Where are you based? Do you work from home or from an office?

I’m based in Sintra, really close to Lisbon, the capital of Portugal. I usually spend 3 days a week at the office, since I like to talk and interact with other people and spend the other 2 days at home. It’s always flexible, which is another perk of the Job, deciding in the morning where I will be working for the day.

Rui Guerreiro at his work environment

I’m really trained at working at home, so I rarely lose time with home tasks while working. It’s also good because I don’t waste any time in commute and when the kids arrive from school I can spend more time with them, since I’m already at home.

I understand that selling your WordPress plugin recently became your full-time job.

What would you say is the top thing that got you here?

Yes, I have been working full-time on WP Mobile Menu for about 6 months now. I stopped accepting and looking for Freelance work in order to be able to completely dedicate myself to the product’s development. We released the Premium version back in April 2017 when the plugin had almost 10k active installs. After a year and a half, we reached 40k active installs and the revenue has always been growing since day 1. The annual license renewals have just started to kick in and that will clearly help the revenue grow even further during the next months.

But, focusing on the question, what got me here was the persistence, working hard on the plugin during the night in the last 4 years, growing step by step and providing awesome customer support (if you don’t believe me – you can check out my replies and reviews ;))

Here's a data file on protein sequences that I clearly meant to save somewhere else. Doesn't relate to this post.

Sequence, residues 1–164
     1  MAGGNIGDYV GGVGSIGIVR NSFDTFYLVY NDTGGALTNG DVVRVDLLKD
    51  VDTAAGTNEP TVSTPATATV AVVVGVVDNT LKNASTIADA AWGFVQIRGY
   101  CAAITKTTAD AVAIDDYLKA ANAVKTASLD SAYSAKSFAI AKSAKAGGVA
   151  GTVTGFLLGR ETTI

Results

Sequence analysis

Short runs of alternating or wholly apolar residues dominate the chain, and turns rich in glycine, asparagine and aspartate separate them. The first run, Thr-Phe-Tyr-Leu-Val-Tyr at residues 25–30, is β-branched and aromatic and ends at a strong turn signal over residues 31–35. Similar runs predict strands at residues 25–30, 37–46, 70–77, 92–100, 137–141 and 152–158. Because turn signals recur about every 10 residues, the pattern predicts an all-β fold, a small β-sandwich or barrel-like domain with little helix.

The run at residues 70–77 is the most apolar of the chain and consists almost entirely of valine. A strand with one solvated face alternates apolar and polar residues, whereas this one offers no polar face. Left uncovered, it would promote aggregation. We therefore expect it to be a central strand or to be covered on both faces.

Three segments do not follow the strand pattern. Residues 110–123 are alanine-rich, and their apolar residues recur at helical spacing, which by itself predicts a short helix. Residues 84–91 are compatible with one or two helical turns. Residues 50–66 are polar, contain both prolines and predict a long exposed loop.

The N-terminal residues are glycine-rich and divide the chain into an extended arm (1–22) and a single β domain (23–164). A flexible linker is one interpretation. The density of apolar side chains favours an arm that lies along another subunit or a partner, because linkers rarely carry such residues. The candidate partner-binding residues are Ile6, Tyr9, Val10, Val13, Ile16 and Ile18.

Have you done any content marketing (blogging, posting on social media, videos) to promote WP Mobile Menu? If so, what worked? What didn’t?

Well not yet, but it’s definitely in the plans for the next months. There were some things that were necessary to do first, in my opinion, like creating a brand identity and have a decent Website and logo, I only achieved that recently (two months ago) with the help of my friend Nuno that works in that area of expertise.

WP Mobile Menu homepage

The only marketing we did was in WordCamp Europe in Belgrade where we gave away cool T-Shirts that got some decent attention. Here’s a picture:

WP Mobile Menu T-shirts at WordCamp Europe 2017

What about any paid promotions, like purchasing ads on AdWords or Facebook?

Not yet. Honestly, that’s not my area, and I don’t want to master all the areas, so will have to hire someone to do it when there is a budget for it.

Have you attended any WordCamps or other events? Do you think that attending such events can be helpful for product creators like yourself?